GAO Protest Sustain: Flawed Price Realism Analysis

We often see price realism in protests when the protester is making the claim that the awardee’s price, which was lower than the protester’s price, is low enough that the awardee would not be able to perform the work as solicited. Most often, GAO will determine that the agency’s price realism analysis was acceptable. However, in Criterion Corporation, B-422309 (Apr 16, 2024), the agency determined that the lowest priced offeror’s price was too low, and that the company could not possibly perform at the price offered. This led to the next lowest priced offeror receiving the award, and the lowest priced offeror protesting that decision, ultimately winning its argument.

Price Realism Basics

First things first, let’s start with a brief overview of what a price realism analysis includes. The purpose of a price realism analysis is to determine whether proposed prices:

  1. Are realistic for the work to be performed;
  2. Reflect a clear understanding of the requirements of the contract; and
  3. Are consistent with the offeror’s unique method of performance.

FAR 15.404-1(d)(3). The purpose of a price realism analysis is to assess the risk pertaining to contract performance for the proposal being assessed.

When GAO reviews an agency’s price realism analysis, GAO looks to whether the analysis performed by the agency was reasonable. Reasonable price realism analysis “must include consideration of the proposed technical approach.” Any price realism analysis that only compares prices will not pass GAO’s review. The depth of the analysis, however, is a matter reserved for the agency’s discretion.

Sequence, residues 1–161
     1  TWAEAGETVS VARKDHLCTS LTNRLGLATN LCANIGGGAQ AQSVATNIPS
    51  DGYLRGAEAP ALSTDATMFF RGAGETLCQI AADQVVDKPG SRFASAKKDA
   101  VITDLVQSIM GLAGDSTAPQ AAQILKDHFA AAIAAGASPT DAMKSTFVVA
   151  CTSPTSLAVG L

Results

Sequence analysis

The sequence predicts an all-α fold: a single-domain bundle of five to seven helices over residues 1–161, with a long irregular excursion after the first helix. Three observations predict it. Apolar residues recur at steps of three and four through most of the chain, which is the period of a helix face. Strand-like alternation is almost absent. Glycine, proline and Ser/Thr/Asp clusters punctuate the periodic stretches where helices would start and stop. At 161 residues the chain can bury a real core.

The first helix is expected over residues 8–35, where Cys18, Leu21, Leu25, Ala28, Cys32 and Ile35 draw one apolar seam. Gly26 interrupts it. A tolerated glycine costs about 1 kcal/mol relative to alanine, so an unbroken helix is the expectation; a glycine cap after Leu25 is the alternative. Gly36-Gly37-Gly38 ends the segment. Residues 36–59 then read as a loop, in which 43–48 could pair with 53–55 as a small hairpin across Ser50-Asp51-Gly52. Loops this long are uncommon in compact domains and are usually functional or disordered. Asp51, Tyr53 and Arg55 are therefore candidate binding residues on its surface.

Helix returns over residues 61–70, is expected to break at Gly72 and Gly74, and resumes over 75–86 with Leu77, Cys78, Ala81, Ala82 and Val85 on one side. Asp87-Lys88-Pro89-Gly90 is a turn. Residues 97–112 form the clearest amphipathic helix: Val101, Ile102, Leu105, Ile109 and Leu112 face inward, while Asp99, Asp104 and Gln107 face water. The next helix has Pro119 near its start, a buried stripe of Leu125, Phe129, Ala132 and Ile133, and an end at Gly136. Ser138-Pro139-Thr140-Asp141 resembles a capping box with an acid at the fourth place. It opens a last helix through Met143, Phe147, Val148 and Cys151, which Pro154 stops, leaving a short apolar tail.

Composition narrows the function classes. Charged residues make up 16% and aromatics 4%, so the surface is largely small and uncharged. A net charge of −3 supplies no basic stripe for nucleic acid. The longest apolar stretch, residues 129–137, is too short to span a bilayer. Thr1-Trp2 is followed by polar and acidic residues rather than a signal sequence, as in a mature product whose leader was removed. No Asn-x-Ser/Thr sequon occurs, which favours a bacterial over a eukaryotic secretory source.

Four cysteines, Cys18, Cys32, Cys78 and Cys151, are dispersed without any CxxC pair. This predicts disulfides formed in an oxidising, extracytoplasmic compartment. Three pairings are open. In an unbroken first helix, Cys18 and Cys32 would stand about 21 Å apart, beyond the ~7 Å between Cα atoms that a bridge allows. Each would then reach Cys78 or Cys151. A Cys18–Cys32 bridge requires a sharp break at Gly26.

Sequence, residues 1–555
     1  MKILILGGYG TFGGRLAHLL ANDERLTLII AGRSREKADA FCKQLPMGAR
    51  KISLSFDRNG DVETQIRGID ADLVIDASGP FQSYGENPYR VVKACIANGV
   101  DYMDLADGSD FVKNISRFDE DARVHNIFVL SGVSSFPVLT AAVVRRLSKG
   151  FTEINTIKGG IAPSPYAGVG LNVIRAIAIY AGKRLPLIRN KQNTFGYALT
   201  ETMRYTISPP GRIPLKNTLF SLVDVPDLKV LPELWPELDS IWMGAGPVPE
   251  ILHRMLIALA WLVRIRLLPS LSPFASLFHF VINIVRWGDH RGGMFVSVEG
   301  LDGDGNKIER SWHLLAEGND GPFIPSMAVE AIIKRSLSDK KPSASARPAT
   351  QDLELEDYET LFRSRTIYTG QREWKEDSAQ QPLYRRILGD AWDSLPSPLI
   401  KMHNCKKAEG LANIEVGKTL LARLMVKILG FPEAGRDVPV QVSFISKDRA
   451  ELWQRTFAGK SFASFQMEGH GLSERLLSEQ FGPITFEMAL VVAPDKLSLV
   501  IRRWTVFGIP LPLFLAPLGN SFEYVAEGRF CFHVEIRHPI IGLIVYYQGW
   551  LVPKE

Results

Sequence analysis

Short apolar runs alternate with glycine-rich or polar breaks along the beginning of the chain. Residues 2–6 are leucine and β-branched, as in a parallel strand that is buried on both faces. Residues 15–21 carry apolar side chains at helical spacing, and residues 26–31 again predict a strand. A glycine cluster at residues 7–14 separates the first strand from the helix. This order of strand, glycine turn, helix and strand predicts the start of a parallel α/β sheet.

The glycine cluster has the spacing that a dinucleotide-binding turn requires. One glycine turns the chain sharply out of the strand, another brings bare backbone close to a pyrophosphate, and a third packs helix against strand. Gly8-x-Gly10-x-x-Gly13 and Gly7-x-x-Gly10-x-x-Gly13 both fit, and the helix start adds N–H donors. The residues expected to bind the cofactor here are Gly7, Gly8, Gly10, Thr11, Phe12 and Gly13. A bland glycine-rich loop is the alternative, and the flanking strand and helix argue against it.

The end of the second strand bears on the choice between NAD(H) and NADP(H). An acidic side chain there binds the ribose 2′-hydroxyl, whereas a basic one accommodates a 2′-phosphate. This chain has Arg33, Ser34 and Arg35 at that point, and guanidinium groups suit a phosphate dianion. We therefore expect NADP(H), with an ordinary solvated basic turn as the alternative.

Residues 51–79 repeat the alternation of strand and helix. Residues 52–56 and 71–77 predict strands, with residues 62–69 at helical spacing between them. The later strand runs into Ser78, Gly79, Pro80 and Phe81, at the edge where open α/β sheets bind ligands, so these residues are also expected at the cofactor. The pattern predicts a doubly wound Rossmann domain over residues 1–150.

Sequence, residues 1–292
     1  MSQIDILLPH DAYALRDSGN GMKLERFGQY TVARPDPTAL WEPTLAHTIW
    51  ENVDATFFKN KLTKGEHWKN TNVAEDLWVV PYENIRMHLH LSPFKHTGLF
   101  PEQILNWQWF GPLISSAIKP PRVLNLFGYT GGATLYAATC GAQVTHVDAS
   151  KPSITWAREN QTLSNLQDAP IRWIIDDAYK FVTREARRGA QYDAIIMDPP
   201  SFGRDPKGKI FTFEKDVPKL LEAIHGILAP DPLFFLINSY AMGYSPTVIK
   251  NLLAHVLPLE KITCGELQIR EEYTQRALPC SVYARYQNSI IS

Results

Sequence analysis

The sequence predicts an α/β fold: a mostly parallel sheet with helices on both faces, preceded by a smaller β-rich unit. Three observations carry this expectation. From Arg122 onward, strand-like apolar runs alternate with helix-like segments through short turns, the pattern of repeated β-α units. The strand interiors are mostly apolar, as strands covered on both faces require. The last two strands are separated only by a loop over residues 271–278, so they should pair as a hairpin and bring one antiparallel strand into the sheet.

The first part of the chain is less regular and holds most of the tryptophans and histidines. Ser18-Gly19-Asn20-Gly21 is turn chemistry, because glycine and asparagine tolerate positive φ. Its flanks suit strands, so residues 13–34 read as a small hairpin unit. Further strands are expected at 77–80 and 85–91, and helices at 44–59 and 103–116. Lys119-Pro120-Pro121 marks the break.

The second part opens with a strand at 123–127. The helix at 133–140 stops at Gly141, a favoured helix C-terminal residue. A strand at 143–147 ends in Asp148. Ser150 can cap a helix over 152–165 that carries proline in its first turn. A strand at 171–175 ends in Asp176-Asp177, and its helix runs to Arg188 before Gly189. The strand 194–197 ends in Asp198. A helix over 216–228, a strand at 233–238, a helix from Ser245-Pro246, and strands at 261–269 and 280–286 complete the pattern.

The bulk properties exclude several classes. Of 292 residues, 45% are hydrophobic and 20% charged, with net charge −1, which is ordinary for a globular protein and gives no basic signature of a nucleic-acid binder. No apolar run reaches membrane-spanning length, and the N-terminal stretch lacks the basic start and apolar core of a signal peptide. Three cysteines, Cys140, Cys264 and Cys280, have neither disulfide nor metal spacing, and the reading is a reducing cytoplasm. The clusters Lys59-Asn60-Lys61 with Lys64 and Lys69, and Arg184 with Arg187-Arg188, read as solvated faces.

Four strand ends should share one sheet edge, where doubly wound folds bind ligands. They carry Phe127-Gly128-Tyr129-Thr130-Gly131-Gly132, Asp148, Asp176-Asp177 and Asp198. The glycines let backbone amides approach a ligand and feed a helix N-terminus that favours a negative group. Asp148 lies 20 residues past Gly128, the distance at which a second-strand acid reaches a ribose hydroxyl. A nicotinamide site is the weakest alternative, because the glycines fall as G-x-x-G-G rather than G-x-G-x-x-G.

Analysis of Criterion Corporation’s Proposal

As mentioned before, Criterion’s proposal was the lowest priced offer in response to the solicitation. The type of work solicited is not very important here. What is important is that the agency compared Criterion’s price with the average price of other offerors and the internal government estimate and determined that Criterion’s price was “unrealistically low.” This led to the price realism analysis.

When doing the price realism analysis, the agency noted that Criterion proposed a slightly greater number of FTEs than the second-lowest priced offeror, which led the agency to conclude that “Criterion’s proposed unit prices for the fixed-price CLINs must be unrealistic because Criterion simply could not propose more FTEs at its much lower overall price.” The agency also compared Criterion’s proposed labor rates, noting that its slightly lower than average rates, when compared to the second-lowest offeror led to the conclusion that “Criterion’s proposed unit prices for the fixed-price CLINs must be unrealistic because they could not possibly be consistent with the proposed labor rates.”

GAO’s Review of the Protest

GAO reviewed the agency’s price realism analysis and determined that the agency did not conduct a reasonable price realism analysis. Though the agency looked at the number of FTEs, the agency didn’t look at the technical aspects of Criterion’s proposal. As mentioned above, the agency compared Criterion’s proposal with that of the second-lowest offeror and concluded that the fact that Criterion’s proposal provided for more FTEs with a lower price than the other offerors meant that the price was not realistic. There was no consideration given to the different labor categories and labor mix, meaning the types and experience levels of the proposed workers or the labor utilization strategies.  GAO stated “without knowing how the labor mix and technical solutions compared there was no way for the agency to know if its conclusions about Criterion’s price were based on a true apples-to-apples comparison.”

In the end, GAO found that the agency did not perform a proper price realism analysis, and recommended that the agency conduct a new price realism evaluation of Criterion’s proposal, which should include an evaluation of the price in relation to the technical solution.

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